By zoned support, I mean a design feature where different areas or zones of the mattress have varying levels of support. These zones are strategically positioned to target specific body regions and offer tailored support to other parts of my body.

If you're a side sleeper like I am, I highly suggest you get a mattress in the 4 – 6 range of the firmness scale. This will provide sound support and thick, soft foam layers to cushion your joints as you press into the structure to avoid uncomfortable tension or jamming on your pressure points throughout the night.

I recommend memory foam mattresses for side sleepers.

Side sleeping on a mattress
Side sleeping on a mattress

Stomach Sleepers

In my opinion, stomach sleepers are the complete opposite of us – side sleepers. If you're a stomach sleeper, your mattress needs to be such that it aligns your hips to be on the same level as your shoulders for a neutral spinal alignment.

Mattresses on the 8 – 10 range of the scale are the best for stomach sleepers. The key is choosing a bed with highly supportive interior layers and comfortable top layers for some initial pressure relief.

I recommend hybrid or innerspring mattresses for stomach sleepers.

Back Sleepers

Back sleepers share both the needs of stomach and side sleepers. An overly firm mattress will cause unnecessary pinching and tension in the lower back. Conversely, a too-soft mattress will dip the hips out of alignment with the shoulders.

If you're a back sleeper, you need a mattress that lifts your spine into neutral alignment, thus establishing comfort and sound support across the back to reduce pain and pressure. Medium firm mattresses (6.5) are the best for back sleepers (1).

I recommend settling for a hybrid mattress if you're a back sleeper.

Body Weight

Since different people apply a lot of pressure to a sleeping surface based on weight, a mattress that feels softer to a heavy person might be firmer than a light sleeper. Heavier individuals generally want to settle for a thicker mattress with adequate foam layers to be pressed into for the utmost deep compression support and vice versa.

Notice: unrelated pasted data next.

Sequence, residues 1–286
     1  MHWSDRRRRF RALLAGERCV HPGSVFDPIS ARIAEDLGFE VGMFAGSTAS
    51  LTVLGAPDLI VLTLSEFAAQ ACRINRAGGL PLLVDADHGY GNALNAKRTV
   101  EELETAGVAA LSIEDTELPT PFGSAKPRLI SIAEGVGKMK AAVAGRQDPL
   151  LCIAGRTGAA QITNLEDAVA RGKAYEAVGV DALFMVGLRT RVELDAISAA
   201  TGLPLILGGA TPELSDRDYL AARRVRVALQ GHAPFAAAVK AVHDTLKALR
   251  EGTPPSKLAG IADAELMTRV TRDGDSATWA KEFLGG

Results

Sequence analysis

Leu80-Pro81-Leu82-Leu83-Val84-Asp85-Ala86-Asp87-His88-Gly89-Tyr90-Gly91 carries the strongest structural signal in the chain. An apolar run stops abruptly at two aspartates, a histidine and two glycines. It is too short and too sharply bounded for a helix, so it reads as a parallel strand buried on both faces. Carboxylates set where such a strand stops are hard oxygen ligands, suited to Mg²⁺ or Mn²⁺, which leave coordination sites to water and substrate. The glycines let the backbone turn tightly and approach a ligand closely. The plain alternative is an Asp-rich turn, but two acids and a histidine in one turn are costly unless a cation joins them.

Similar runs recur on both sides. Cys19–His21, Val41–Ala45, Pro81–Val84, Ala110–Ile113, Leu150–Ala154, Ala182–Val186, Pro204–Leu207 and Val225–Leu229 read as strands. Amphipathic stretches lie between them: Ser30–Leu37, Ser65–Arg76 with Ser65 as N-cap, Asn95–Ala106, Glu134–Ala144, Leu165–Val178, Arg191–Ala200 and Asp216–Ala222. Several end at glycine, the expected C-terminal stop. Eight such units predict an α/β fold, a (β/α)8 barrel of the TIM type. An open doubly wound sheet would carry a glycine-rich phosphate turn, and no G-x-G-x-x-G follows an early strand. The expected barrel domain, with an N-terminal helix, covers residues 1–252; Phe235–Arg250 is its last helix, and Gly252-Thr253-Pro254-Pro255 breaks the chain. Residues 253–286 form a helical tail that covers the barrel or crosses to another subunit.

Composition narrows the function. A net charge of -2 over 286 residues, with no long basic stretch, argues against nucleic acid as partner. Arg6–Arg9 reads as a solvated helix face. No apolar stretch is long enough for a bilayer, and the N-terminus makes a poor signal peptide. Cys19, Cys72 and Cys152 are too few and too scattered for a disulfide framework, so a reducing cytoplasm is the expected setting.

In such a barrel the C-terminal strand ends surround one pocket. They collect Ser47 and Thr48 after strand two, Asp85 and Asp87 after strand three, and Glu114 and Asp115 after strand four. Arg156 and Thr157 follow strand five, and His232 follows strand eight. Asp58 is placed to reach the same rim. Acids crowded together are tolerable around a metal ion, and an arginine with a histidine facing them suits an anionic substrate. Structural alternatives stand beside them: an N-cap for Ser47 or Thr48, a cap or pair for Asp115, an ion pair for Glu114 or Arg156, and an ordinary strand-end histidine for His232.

Body TypeIdeal Mattress Firmness RangeDescription
Lightweight3-5Softer firmness for better contouring and comfort. Suitable for side and back sleepers.
Average4-7Medium to medium-firm for a balance of support and comfort. Suitable for all sleep positions.
Heavyweight8+Firmer firmness for strong support and preventing sinkage. Suitable for stomach and back sleepers.

Body Type

When it comes to the body, you need to ask yourself, do you have a heavy midsection? If yes, I recommend a firm mattress with a zoned support core to ensure your spinal alignment is neutral. For light sleepers, choose a softer mattress with plenty of comfort because you will interact mainly with the mattress's top layers.

How Mattress Type Affects Its Firmness

Did you know that the type of mattress can influence the overall firmness of a bed? Yes, that is my observation, and I'll share my reasons in this section.

Four major types of mattresses are available, mainly based on their materials. Once you understand each option's general attributes, you can glimpse or anticipate how that particular type of mattress will feel and perform.

While that is the case, I have to note that variations between models of the same constructions based on their materials and unique designs exist.

Hybrid Mattresses

Hybrid mattresses are my favorite of all types. They combine the thicker comfort layers of a latex or foam model with the coil support core of an innerspring. Typically, these beds offer a long-lasting and responsive surface while at the same time contouring for the utmost pressure relief.

They come in an array of firmness options to grant shoppers the liberty to settle for a model in their preferred range.

A hybrid mattress on a bed frame
A hybrid mattress on a bed frame

Foam Mattresses

Foam mattresses comprise primarily memory foam or polyfoam. They conform excellently to your body and offer adequate pressure relief.

Often, all foam mattress models are softer than other types, although I've also come across exceptionally different firm options.